Influencing Mindsets and Motivation in Procedural Skills Learning: Two Randomized Studies

Document Type

Journal Article

Publication Date



Journal of Surgical Education








achievement goals; Motivation; Patient Care; personal differences; Simulation Training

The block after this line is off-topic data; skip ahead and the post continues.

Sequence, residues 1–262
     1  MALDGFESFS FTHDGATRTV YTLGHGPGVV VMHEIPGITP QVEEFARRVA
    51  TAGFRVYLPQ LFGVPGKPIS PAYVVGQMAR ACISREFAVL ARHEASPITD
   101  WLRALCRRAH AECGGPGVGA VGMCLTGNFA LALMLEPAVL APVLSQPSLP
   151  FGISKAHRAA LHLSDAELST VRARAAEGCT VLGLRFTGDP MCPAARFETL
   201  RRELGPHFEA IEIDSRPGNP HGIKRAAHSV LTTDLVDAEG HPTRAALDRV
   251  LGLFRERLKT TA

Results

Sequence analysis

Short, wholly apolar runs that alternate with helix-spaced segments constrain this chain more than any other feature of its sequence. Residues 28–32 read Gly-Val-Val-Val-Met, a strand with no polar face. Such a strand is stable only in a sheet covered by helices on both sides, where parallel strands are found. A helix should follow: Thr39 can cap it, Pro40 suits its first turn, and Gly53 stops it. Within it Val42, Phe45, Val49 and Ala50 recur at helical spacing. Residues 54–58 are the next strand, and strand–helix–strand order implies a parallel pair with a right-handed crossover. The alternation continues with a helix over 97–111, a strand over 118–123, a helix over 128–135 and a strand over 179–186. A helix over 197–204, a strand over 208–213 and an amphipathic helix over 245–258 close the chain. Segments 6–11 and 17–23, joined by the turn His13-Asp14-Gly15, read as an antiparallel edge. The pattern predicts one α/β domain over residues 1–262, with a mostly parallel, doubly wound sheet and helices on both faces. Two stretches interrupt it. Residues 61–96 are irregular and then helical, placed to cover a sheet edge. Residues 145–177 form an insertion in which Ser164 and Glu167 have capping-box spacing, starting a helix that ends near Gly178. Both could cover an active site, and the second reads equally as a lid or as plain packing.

© 2018 Association of Program Directors in Surgery Objectives: An incremental (growth) theory of intelligence (mindset), compared with an entity (fixed) mindset, has been associated with improved motivation and performance. Interventions to induce incremental beliefs have improved performance on non-surgical motor tasks. We sought to evaluate the impact of 2 brief interventions to induce incremental beliefs in the context of learning a surgical task. Design: Two randomized experiments. Participants and setting: Secondary school students participating in medical simulation-based training activities at an academic medical center. Interventions: We created 4 instructional messages intended to influence mindsets (two 60-second videos in Study 1, 2 fabricated “journal articles” in Study 2). In each study, one message emphasized that ability improves with practice (incremental); the other emphasized that ability is fixed (entity). After reviewing their randomly-assigned message, participants completed a laparoscopic cutting task as many times as they desired. Measurements included performance (product quality, self-reported task, and completion time), task persistence (repetitions), and entity beliefs. Results: Two hundred and three students completed Study 1. Postevent entity beliefs (1 = lowest, 6 = highest) were similar between groups (incremental, 2.0vs entity, 2.0; p = 0.78). Contrary to hypothesis, the incremental video group demonstrated slower time (276vs 191 seconds; p < 0.0001), lower product quality (7.2vs 3.8mm deviation; p < 0.0001), and fewer task repetitions (1.4vs 1.8; p = 0.02). In Study 2, 113 participants provided outcomes related to mindset beliefs, but only 14 provided usable performance outcomes. Postevent entity beliefs were lower in the incremental article group (1.7vs 2.4; p < 0.0001). Task time (507vs 585 seconds; p = 0.40) and quality (7.1vs 7.5mm deviation; p = 0.85) were similar between groups. Conclusions: Brief motivational interventions can influence procedural performance and motivation. We need to better understand motivation and other affective influences on procedural skills learning. Mindset theory shows promise in this regard.

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